Summary:

Bitpay, an Atlanta-based company that helps companies accept Bitcoin as payment, has gone from 1,000 to 10,000 clients in the last year. But it’s too soon to say if this reflects Bitcoin entering the mainstream.

Bitcoin
photo: Guardian/Guy Grandjean, James Ball

A payment service provider that helps businesses accept Bitcoin in online shopping carts and retail stores announced on Monday that its client-base of merchants has increased ten-fold in the last year.

According to Atlanta-based Bitpay, more than 10,000 merchants around the world are now using its processing services to accept payment in the virtual currency, with Bitcoin proving especially popular with companies that sell consumer electronics, IT services and precious metals.

Bitpay, which is backed by venture capitalists tied to PayPal, touts Bitcoin as a way for merchants to accept online payment at lower cost and risk than credit cards. The company, which has so far processed $34 million in Bitcoin payments in 2013, charges the merchants a 1 percent service fee to handle the transactions.

The rapid growth — from 1,000 to 10,000 clients in a year — appears to be a promising sign for both Bitpay and virtual currencies in general. But, like so many things associated with Bitcoin, it’s too soon to say if the growth is real or illusory.

To get a better idea, I spoke to Bitpay CEO Tony Gallippi last week,  and asked him how many of his merchants were actually collecting Bitcoin on a regular basis.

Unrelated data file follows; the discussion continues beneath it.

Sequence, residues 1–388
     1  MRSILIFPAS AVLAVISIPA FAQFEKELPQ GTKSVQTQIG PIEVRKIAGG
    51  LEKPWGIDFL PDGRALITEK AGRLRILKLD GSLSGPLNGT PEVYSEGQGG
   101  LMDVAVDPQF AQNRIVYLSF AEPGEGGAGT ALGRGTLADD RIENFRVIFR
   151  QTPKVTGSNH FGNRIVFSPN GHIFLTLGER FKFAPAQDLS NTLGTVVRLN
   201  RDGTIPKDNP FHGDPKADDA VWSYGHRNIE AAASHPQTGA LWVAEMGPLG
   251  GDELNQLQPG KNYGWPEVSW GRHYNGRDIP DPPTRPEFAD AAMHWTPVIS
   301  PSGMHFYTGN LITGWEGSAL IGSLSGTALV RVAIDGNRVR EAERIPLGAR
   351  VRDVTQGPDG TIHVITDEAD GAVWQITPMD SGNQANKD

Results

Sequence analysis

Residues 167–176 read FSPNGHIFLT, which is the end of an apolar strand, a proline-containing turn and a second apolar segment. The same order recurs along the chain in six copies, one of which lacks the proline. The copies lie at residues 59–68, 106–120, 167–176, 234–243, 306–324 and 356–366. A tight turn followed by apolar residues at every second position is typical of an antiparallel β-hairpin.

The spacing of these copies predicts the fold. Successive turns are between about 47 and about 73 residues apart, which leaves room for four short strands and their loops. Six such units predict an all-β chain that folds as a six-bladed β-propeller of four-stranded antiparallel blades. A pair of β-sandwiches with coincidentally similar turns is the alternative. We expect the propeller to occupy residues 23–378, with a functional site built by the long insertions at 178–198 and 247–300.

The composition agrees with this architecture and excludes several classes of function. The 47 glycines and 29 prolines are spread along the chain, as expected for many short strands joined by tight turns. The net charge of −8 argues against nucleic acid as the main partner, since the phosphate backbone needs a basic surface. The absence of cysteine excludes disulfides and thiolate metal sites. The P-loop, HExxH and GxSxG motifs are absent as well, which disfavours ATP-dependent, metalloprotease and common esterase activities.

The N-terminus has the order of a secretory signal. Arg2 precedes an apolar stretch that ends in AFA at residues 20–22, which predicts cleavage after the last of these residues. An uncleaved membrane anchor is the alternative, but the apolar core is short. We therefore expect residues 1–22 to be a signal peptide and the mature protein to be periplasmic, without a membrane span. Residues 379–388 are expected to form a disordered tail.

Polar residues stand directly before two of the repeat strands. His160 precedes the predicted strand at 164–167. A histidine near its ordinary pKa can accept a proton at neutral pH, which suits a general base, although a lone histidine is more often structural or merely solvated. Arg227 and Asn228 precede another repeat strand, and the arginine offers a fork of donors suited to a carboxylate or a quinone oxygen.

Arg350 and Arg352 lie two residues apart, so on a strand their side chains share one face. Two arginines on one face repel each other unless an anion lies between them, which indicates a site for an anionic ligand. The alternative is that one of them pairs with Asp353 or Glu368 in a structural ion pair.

Gallippi estimated that one-third to half of the merchants using Bitpay had a transaction in the last month, and that “a couple hundred” are doing more than five transactions a day. He says frequent users include publishing platform WordPress and Gyft, a site that lets users swap online gift cards.

These details reflect how Bitcoin is still far from becoming a mainstream currency. But, as Gallippi notes:

“We’re still early in the adopter cycle.. only three to four million people around the world have Bitcoins.”

Bitcoin’s future growth may depend on intermediaries like Bitpay. While one of the virtual currency’s prime benefits is that it peer-to-peer, and doesn’t require middle-men, it is still too esoteric for average consumers and merchants to grasp; that’s why companies like Bitpay and Coinbase, which offers a newbie-friendly wallet and exchange service, have been able to carve out a place in the noisy Bitcoin eco-system.

In other Bitcoin news, Armory Technologies on Monday announced that it has raised $600,000 to build a more secure wallet for the currency.

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